Cranberry, the small, red, acid fruit of the taccinium macrocarpon and other shrubs of the same genus, distinguished by slender creeping stems, small evergreen ' leaves whitened beneath, and erect pedicles, terminated by a pale rose-colored nodding flower, with a four-parted corolla. The cranberry shrub grows best in lowlands, where the decay of organic matter furnishes the different organic acids. The related V. oxycoccus is found wild in many parts of North and South America, in England and Ireland, in the marshy grounds of central and northern Europe, and on the wastes of Siberia. The American cranberry is larger than the English, and of richer flavor. The three principal varieties recognized in the markets are the cherry, bugle, and bell cranberries. The best of the cherry variety are very dark-colored. The requisites for successful cranberry culture are: a soil of muck or peat that can be drained for 12 or 18 inches below the surface; a supply of water sufficient to allow the meadow to be flooded at will; and an abundance of pure sand. The attempts to cultivate the cranberry upon ordinary soil, in a large way, have not been profitable.
Localities suitable for cranberry meadows are to be found in most northern states, especially at Cape Cod, Mass., and in Ocean, Atlantic, and Burlington counties, N. J. These counties are estimated to supply more than one half of all the berries sold. The surface of the meadow is pared, the sods and all stumps and roots being removed, and then covered with sand to the depth of two to six inches, according as the muck is deep or shallow. Cultivators attach much importance to the quality of the sand used to cover the meadow; it should be as free as possible from clay or vegetable matter, and from the seeds of weeds. Sand serves a twofold purpose: it affords a genial medium in which the newly set plants can strike root, and it keeps down the growth of such plants as would otherwise spring from the muck. The sanding being completed, the vines are then planted. These should be chosen with great care, some of them being unfruitful; the best may be distinguished by the wiry texture of the wood and the greenish brown color of the leaves. The poorer plants are more vigorous, brighter, greener, and have a more bushy foliage than the best. The vines should be planted in the spring, or in the autumn if the "patch" can be well flooded in winter.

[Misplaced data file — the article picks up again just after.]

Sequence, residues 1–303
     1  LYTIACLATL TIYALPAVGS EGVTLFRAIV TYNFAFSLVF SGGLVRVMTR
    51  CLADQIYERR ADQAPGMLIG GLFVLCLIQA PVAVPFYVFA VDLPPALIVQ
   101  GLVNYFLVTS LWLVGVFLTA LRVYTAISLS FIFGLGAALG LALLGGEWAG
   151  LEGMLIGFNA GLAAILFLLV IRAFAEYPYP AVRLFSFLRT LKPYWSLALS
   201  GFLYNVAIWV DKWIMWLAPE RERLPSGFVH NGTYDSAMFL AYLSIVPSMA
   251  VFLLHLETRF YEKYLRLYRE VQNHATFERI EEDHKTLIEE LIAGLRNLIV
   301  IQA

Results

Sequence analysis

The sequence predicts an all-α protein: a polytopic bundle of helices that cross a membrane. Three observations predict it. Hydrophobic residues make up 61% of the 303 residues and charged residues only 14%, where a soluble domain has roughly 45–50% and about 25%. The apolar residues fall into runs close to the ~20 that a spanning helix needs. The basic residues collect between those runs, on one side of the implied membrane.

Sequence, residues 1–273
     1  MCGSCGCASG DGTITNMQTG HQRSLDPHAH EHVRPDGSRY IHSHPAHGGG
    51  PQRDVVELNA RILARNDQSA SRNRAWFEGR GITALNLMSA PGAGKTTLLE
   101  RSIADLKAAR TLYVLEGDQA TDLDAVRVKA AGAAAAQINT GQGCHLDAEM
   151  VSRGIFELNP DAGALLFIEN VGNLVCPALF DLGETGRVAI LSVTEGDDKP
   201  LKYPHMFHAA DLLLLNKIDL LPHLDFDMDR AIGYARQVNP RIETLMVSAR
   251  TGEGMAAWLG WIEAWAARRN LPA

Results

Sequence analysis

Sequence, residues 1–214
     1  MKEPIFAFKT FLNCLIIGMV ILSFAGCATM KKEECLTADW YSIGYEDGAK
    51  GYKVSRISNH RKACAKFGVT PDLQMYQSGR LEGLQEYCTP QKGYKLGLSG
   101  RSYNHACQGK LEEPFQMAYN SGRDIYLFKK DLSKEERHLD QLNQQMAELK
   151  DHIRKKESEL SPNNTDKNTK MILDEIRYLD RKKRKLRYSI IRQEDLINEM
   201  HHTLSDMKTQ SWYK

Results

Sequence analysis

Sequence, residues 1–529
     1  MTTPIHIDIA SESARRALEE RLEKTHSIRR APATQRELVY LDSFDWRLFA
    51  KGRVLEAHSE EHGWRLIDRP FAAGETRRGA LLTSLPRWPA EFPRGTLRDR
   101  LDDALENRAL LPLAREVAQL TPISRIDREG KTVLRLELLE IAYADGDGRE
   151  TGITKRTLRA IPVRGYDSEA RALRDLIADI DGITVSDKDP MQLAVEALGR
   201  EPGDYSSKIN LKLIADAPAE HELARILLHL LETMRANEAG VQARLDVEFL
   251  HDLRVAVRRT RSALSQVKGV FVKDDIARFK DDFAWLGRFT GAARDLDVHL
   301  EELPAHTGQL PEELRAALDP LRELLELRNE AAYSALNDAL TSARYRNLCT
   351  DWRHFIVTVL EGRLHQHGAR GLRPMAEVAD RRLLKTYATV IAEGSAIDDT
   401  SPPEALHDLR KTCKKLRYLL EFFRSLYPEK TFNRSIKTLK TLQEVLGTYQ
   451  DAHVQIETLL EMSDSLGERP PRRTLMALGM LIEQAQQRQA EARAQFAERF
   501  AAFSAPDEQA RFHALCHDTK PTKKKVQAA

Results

The transferring of the sods which bear the vines is not a good practice. A better method is to use cuttings from four to six inches long, the middle of which is covered in the soil, and the ends left projecting; or two or three cuttings may be planted together with a dibble. Vines have been cut into pieces two or three inches long by a common hay cutter, sown broadcast, and harrowed in. Propagation from seed is not to be depended on, the seed not germinating readily except in favorable localities; the seedlings are easily injured; there is much loss of time; and even in the third year little fruit is borne. The vines should be planted in rows two feet apart. The weeds should be kept down for two seasons, after which the vines will begin to take full possession of the soil. Cranberry vines are sometimes burned (but not when the ground is very dry) to destroy the worm. Flooding is also a remedy for this. The fruit ripens in the vicinity of New York about the middle of October. The persons who pick the berries are usually paid by the bushel. The vines should be picked clean. When gathered before they are ripe (as is sometimes done to save them from frost), or if the dew be on them, they do not keep well.
The cranberry rake may sometimes be used to advantage; it is made of bent sheet iron, whose lower edge is a row of teeth shaped like the letter V; when drawn over the ground the plants escape, but the fruit is gathered. The berries may be rolled over an inclined plane to separate the good from the bad. Leaves, straws, and prematurely ripe or diseased fruit should be removed. Cranberries for Europe are packed in water in small kegs, and sometimes in sealed bottles filled with water. By the American aborigines poultices were prepared from cranberries to extract the venom from wounds made by poisoned arrows, and the same are used as a popular remedy for erysipelas.